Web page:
Here is a “nutshell” approach to figuring out how each kind of real estate interest (excepting your personal residence) is classified for tax purposes and how each is treated on the tax return.
There are three major classifications of interest on the Federal individual income tax return. Each classification is subject to different rules. Because of this, great care must be given to determine the correct classification of each interest item. It’s the only way to figure what is deductible and where to deduct it.
1. Business interest
(a) Interest on rental income real estate
(b) Interest on business indebtedness
2. Investment interest
3. Personal interest
(a) Consumer interest
(b) Qualified residence interest.
Borrower's Cost of Getting Loan
Borrowers may incur substantial fees and charges when a mortgage loan is funded. These costs include legal fees, "points", appraisal fees, escrow fees, service charges, surveys, real estate commissions and title costs. These financing costs must be analyzed and divided into two categories:
1. Costs that do not qualify as interest.
2. Costs that do qualify as interest.
Costs That Do Not Qualify As Interest
Costs that do not qualify as interest are treated as lending service costs. If the mortgage was obtained to acquire real estate used in business or held for profit, the costs are deductible by amortizing them over the life of the loan. If the mortgage was obtained to acquire real estate held for personal use, lending service costs are not deductible.
Amortization of loan costs is always taken using the straight-line method. Amortization is continued until all costs are written-off or the loan is paid off or assumed. If there is a balance in the unamortized loan costs account, and the loan is paid off or assumed, the tax treatment of the balance depends on the classification of the property. In cases of rental income and other business property, the balance is deductible as an operating expense of the property.
For example, 10 years ago you bought an apartment house and paid loan costs of $20,000 to acquire the 25-year mortgage loan. You now sell the property as part of a 1031 exchange. During the last ten years you deducted your loan costs by amortizing them at the rate of $800 per year ($20,000/25 years). Your deduction totaled $8,000 for the ten years ($800 per year times 10 years). The unamortized balance of $12,000 is deductible at the time of the sale as an operating expense of the property. Do not take it as a selling expense of the property - if you do, you could lose the entire deduction.
Costs That Do Qualify as Interest
Costs that qualify as interest are treated as prepaid interest - capitalized and amortized straight-line over the life of the loan.
The term "points" is used to describe the interest charges you pay as a borrower to a lender when you take out a mortgage. Lenders have different names for points: loan origination fees, premium charges, etc. But what they call them doesn't matter. If the payment for any of these charges or points is for the use of money, it is interest.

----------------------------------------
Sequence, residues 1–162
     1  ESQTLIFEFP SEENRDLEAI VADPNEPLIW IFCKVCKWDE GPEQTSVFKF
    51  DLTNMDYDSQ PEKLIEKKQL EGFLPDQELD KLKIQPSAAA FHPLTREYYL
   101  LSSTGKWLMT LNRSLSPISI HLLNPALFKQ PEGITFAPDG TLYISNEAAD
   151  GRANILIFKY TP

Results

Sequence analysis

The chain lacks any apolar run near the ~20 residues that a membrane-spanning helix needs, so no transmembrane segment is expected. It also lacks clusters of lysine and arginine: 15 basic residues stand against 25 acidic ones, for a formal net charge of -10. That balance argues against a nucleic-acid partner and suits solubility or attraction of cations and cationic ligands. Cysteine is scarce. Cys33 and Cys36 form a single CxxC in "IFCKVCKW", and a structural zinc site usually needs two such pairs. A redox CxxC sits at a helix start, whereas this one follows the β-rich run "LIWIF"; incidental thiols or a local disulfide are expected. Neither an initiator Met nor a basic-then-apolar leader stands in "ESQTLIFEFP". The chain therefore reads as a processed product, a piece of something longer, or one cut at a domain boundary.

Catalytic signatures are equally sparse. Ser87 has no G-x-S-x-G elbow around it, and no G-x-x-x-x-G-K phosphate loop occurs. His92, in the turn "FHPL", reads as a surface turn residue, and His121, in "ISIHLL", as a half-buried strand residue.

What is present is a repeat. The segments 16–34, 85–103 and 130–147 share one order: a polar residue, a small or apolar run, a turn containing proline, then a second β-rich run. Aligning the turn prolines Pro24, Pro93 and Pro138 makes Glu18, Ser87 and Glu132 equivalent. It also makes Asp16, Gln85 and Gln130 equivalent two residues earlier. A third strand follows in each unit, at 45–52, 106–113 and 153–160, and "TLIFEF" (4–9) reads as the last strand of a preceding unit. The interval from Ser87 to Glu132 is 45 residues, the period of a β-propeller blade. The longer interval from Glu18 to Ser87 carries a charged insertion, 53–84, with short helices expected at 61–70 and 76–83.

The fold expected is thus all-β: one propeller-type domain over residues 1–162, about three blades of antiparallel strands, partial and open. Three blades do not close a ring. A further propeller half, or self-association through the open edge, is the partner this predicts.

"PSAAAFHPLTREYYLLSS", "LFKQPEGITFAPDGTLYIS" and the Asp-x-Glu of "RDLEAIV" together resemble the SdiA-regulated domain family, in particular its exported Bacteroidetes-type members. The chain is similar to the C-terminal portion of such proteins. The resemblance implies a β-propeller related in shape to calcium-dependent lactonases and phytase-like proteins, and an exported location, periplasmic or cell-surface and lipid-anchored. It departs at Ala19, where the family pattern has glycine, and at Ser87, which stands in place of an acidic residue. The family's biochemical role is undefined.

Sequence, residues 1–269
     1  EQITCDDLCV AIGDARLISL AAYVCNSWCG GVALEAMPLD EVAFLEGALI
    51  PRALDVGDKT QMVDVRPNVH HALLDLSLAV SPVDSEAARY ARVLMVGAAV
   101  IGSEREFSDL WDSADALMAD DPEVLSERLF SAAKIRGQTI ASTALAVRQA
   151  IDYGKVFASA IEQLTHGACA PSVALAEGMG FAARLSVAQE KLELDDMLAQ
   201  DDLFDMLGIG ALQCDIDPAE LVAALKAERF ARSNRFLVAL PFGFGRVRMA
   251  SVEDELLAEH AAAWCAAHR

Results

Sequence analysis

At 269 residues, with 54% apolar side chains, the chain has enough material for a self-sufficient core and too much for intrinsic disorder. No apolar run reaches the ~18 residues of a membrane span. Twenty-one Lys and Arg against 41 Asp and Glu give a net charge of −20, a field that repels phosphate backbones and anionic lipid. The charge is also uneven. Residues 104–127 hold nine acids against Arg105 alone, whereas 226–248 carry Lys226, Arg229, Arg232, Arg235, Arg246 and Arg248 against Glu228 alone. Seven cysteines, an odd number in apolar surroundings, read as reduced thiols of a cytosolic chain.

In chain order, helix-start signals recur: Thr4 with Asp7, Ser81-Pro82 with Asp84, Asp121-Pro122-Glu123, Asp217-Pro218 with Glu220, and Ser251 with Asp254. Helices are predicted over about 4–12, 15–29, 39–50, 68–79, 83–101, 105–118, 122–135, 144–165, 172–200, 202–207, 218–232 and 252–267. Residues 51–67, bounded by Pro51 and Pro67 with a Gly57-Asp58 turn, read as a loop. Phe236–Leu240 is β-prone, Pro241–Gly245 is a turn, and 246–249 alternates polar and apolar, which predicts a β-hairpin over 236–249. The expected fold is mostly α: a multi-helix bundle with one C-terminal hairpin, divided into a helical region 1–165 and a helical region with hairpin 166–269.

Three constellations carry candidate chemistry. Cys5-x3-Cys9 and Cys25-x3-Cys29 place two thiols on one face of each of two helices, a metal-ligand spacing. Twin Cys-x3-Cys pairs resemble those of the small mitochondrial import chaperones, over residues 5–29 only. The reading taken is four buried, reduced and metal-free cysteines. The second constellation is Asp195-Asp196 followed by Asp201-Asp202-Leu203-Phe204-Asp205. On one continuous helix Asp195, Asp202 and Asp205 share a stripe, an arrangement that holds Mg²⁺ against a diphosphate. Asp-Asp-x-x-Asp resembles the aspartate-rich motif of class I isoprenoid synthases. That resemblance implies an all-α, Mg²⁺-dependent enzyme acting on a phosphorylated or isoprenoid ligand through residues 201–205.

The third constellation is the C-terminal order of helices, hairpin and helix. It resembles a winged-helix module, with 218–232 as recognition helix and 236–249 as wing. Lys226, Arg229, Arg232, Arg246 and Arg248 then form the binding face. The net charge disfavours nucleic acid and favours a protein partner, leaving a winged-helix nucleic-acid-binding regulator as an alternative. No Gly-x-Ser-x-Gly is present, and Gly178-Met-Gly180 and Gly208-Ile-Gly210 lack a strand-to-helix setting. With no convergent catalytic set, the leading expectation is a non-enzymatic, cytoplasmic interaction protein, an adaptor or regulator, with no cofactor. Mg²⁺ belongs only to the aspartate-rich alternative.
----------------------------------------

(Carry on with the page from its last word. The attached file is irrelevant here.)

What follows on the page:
Charges or points paid for the use of money are deductible as mortgage interest. They are treated as prepaid interest and subject to the prepaid interest rules. Amortization of points is figured using the straight-line method and is continued until the points are all written-off or the loan is paid off or assumed. For example, if you are charged $2,000 interest points for a 20-year loan, the $2,000 is considered prepaid interest. Under the prepaid interest rules, you must spread your interest deduction over the tax years in which it belongs. In other words, you can only deduct in each year the interest expense for that year. $2,000 prepaid interest for a 20-year loan must be deducted over 20 years at the rate of $100 per year.
If there is a balance in the unamortized points account, and the loan is paid off or assumed, the tax treatment of the balance depends on the classification of the property. For rental income and other business, the balance is deductible as an operating expense of the property. For your personal residence, the balance is deductible as qualified residence interest, if otherwise qualified.
An easy to determine what kind of interest you are dealing with is this simple rule:
Interest deductions follow the money. Just ask this question for each interest amount - where did the money I'm paying
interest on go? That's where the deduction goes. For example, you borrow money to buy a computer for your business. The interest is business interest - that's where the borrowed money went. Here’s another familiar example. You borrow a hard-money second nd on one of your rental properties and use the money to buy a new personal automobile.
Is the interest deductible? If yes, where do you deduct it? If not, why not?
Just ask the question -where did the money go? Since the money was used to buy a personal asset, the interest is not deductible. Wait a minute, you say. I borrowed the money on my rental property. Why can’t I deduct it against my rental property as an operating expense on Schedule E? The collateral has nothing to do with the use of the money you borrow so don't let it get in your way. The test is: Where did the money go?
Loan proceeds used to acquire:. ->Interest is deducted as:
Rental Property......................................->Rental Expense
Investment Property.............................->Investment Interest
Personal residence..................................->Itemized deduction (if qualified)
Farm property........................................>Farm expense
Dealer property......................................>Business Expense
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